Just as Bagley has the facts wrong about the 1859 grand jury's treatment of the Mountain Meadows Massacre, so does he miss important facts about the grand jury's treatment of other crimes. The second 1859 grand jury handed down indictments for the Parrish and Potter and the Henry Jones cases, yet Bagley tells us that no indictments were ever obtained for these crimes.

Church would not help capture fugitives?

Bagley claims that high Mormon officials refused to cooperate in apprehending the massacre fugitives. For example, Cradlebaugh reports that he told Buchanan that church officials offered to produce fugitives upon condition that the church dictate the composition of the petit juries. Bagley does not tell us that U.S. District Attorney Wilson declared this "an unqualified falsehood." Mormons did no such thing.
The federal judiciary denied Mormon law enforcement officers the power to assist federal officers in the pursuit of criminal convictions. Governor Cumming complained that the federal judges refused to admit to the bar federal territorial prosecutors. Indeed, Cradlebaugh and fellow judges refused to permit the Mormon territorial attorney (even though he was technically an officer of the United States) to enter their courtrooms and present bills for indictments.
U.S. District Attorney Wilson attempted to persuade non-Mormon Deputy U.S. Marshal William Rodgers to effect service of process upon massacre participants. Rodgers rebuffed the request, claiming a lack of resources. Then, on 6 August 1858, Wilson told the federal marshal that the Mormon territorial marshal, John Kay, would accomplish the investigations and the arrests. According to Wilson, "Kay was a Mormon, had a knowledge of the country and of the people, and expressed a determination, if legally deputized, to make arrests if possible." But, Rodgers refused to deputize Kay on the ground that Kay "was a Mormon." For the federal government, a crook on the lam was better than a crook collared by a Mormon.
The federal marshal was also less than diligent, frequently complaining about a lack of pay. However, federal surveyors had no difficulty locating and using the services of the fugitives. The surveyors' accounts mock the progress of the investigation, recounting jokes with and pranks upon the fugitives. Additionally, in 1872, the U.S. attorney general denied a request by the U.S. district attorney to reopen the investigation of the massacre.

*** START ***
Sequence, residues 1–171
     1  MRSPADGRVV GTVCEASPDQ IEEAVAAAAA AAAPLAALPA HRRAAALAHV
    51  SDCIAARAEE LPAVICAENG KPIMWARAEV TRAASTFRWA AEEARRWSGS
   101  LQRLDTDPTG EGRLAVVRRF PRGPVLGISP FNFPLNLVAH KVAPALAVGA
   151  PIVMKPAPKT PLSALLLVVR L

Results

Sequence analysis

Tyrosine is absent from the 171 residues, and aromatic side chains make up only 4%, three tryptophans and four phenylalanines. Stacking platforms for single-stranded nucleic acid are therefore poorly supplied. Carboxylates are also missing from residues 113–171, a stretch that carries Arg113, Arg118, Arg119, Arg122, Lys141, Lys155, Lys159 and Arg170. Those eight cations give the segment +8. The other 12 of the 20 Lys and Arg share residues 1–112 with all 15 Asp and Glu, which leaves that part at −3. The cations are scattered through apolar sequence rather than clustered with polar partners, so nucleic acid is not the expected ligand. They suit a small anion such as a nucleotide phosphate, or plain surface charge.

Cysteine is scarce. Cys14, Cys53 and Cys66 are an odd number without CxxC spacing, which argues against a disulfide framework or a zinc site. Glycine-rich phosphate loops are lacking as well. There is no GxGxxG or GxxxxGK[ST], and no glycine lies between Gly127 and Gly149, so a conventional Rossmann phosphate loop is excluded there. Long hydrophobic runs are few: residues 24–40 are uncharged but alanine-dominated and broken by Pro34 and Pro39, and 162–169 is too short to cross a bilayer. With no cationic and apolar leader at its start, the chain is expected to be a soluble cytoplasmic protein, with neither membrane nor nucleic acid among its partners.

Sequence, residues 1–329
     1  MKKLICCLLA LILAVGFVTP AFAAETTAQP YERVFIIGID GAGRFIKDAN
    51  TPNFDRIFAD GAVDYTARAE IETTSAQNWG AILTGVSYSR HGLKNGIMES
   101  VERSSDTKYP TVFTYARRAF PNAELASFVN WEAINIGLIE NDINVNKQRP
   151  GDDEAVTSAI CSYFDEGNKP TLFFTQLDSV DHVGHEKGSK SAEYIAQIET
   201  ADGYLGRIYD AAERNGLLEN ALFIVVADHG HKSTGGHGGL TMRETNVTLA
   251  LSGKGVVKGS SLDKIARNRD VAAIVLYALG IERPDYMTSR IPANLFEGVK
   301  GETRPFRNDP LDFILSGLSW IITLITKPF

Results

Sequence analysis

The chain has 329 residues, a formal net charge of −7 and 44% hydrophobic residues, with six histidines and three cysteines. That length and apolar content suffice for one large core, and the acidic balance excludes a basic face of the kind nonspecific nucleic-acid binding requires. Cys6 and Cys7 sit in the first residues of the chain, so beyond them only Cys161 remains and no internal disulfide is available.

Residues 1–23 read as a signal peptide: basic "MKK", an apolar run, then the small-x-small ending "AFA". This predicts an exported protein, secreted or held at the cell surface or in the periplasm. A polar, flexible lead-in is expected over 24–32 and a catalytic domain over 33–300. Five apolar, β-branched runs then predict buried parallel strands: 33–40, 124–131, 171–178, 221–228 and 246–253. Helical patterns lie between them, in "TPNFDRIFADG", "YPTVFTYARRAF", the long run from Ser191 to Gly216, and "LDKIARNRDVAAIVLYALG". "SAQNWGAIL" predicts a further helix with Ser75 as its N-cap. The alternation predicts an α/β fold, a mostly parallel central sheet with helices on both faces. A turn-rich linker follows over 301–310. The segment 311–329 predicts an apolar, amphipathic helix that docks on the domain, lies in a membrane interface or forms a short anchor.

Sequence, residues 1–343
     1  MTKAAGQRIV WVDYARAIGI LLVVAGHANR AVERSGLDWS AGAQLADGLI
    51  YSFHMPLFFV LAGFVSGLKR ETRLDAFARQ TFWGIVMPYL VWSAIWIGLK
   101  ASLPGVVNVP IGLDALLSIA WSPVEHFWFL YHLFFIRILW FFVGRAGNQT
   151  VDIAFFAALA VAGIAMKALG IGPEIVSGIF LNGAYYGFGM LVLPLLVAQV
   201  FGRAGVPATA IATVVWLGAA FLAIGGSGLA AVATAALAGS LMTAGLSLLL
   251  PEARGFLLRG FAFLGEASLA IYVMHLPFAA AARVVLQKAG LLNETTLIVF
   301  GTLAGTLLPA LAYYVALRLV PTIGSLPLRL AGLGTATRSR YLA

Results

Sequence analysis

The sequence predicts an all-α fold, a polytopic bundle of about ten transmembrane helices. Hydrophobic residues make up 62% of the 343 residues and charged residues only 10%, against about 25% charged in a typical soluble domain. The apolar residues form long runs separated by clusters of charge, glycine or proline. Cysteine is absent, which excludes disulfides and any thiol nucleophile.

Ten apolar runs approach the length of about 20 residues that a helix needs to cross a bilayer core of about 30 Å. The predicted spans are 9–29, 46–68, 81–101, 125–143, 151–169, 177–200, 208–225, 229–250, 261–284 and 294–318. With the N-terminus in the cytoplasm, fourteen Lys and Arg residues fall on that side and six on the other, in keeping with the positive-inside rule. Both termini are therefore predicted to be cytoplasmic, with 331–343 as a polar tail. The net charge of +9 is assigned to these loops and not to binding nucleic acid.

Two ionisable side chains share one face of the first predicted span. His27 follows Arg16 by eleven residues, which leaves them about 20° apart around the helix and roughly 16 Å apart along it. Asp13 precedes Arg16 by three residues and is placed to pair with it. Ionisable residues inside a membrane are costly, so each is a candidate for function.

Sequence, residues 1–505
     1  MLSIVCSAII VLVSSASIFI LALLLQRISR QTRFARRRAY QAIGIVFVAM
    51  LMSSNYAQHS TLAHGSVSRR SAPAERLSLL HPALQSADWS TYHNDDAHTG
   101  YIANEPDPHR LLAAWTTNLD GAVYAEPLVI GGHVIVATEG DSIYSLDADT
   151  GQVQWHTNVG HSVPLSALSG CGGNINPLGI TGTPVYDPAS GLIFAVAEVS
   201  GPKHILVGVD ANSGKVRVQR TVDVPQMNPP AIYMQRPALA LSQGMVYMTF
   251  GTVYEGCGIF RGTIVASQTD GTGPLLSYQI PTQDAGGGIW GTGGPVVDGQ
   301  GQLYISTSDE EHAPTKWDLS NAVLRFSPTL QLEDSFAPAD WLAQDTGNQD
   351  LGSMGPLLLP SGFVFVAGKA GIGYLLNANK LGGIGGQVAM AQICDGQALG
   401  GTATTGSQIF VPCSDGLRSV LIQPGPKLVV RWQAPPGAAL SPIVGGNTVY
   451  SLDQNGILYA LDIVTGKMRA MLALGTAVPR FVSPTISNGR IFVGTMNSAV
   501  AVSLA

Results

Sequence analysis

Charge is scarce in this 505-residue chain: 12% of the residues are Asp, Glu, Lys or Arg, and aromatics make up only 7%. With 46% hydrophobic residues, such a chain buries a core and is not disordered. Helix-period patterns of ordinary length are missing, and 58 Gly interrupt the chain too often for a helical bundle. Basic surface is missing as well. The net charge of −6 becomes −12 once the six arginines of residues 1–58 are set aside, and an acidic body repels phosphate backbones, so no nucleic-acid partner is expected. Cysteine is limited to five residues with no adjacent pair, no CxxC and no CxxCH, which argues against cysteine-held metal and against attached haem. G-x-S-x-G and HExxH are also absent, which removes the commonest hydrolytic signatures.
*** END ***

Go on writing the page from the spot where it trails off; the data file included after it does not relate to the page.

As another example of silly officiousness, immediately prior to Lee's first trial in 1875, lawyers Jabez Sutherland and George C. Bates offered to surrender indictees William Stewart, Isaac Haight, George Adair, and John Higbee in return for accommodating their request for bail. U.S. District Judge Jacob Boreman was incensed with this proposal, refused it, and instead commenced disbarment proceedings against these lawyers. Blood of the Prophets touches on this briefly but not fairly (p. 290). Although a defense lawyer may not shield a fugitive, it is common for fugitives to negotiate the terms of their surrender indirectly through lawyers. Judge Boreman's 13 February 1875 letter to Sutherland and Bates shows that the judiciary petulantly refused to deal with Mormons or even attorneys for Mormons. The judge condemned Sutherland for taking on a Mormon as a client because Mormons have "the very soul of corruption." Boreman's refusal to discuss bail is ironic in light of the bail he later granted Lee.
Federal judges denied Mormons permission to assist federal officials with criminal prosecutions. These judges considered Mormons as disloyal "foreigners," as un-American, "perverted, oppressed, [and] alien." Mormons could not be trusted to do anything, including fight crime. Avoiding collaboration with the Mormons was of greater social value than justice.
Bagley fails to report accurately early efforts at apprehension. Skipping over legitimate offers of help, Bagley accuses the church of obstructing justice by frustrating the investigation. That is not appropriate, given the evidence.

Brigham Young took no official action?

Blood of the Prophets criticizes Brigham Young for doing nothing in his official capacity to prosecute the massacre (p. 379). Young, however, explained that he took no official governmental action against the perpetrators because President Buchanan stripped him of these powers and Governor Cumming possessed all the powers of the executive. Once he was stripped of civil power, the church may have well taken the position that the Mormon prophet's control over wrongdoers was limited to the remedies specified in section 134 of the church's Doctrine and Covenants. Nothing required Brigham Young to hunt down the participants and turn them over to the very powers seeking to jail him for bigamy (see D&C 134:4).
There is no competent evidence of a Mormon cabal to influence the executive branch to delay prosecution. There is much speculation, but nothing more. The Eastern press occasionally blamed the delay upon the Buchanan and subsequent administrations. The will to prosecute was not there. Both Cradlebaugh and Wilson gave up and left town before the Civil War. [article cited ends here]

Notes

  1. Robert D. Crockett, "A Trial Lawyer Reviews Will Bagley's Blood of the Prophets," FARMS Review 15/2 (2003): 199–254. off-site Headings and minor punctuation changes for clarity have been added; footnotes have been omitted. Readers are advised to consult the original review.